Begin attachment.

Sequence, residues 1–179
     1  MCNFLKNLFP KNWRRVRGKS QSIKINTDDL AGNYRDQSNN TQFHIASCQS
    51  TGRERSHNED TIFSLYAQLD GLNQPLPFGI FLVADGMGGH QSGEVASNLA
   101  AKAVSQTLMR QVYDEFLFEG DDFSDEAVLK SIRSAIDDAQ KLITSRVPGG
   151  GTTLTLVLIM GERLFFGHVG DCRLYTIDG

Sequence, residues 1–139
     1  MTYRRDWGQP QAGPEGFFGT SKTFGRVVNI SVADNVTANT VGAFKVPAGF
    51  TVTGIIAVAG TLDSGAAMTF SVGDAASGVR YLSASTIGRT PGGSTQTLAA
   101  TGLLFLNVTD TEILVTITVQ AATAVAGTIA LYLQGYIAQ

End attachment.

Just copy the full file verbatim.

Sequence, residues 1–179
     1  MCNFLKNLFP KNWRRVRGKS QSIKINTDDL AGNYRDQSNN TQFHIASCQS
    51  TGRERSHNED TIFSLYAQLD GLNQPLPFGI FLVADGMGGH QSGEVASNLA
   101  AKAVSQTLMR QVYDEFLFEG DDFSDEAVLK SIRSAIDDAQ KLITSRVPGG
   151  GTTLTLVLIM GERLFFGHVG DCRLYTIDG

Sequence, residues 1–139
     1  MTYRRDWGQP QAGPEGFFGT SKTFGRVVNI SVADNVTANT VGAFKVPAGF
    51  TVTGIIAVAG TLDSGAAMTF SVGDAASGVR YLSASTIGRT PGGSTQTLAA
   101  TGLLFLNVTD TEILVTITVQ AATAVAGTIA LYLQGYIAQ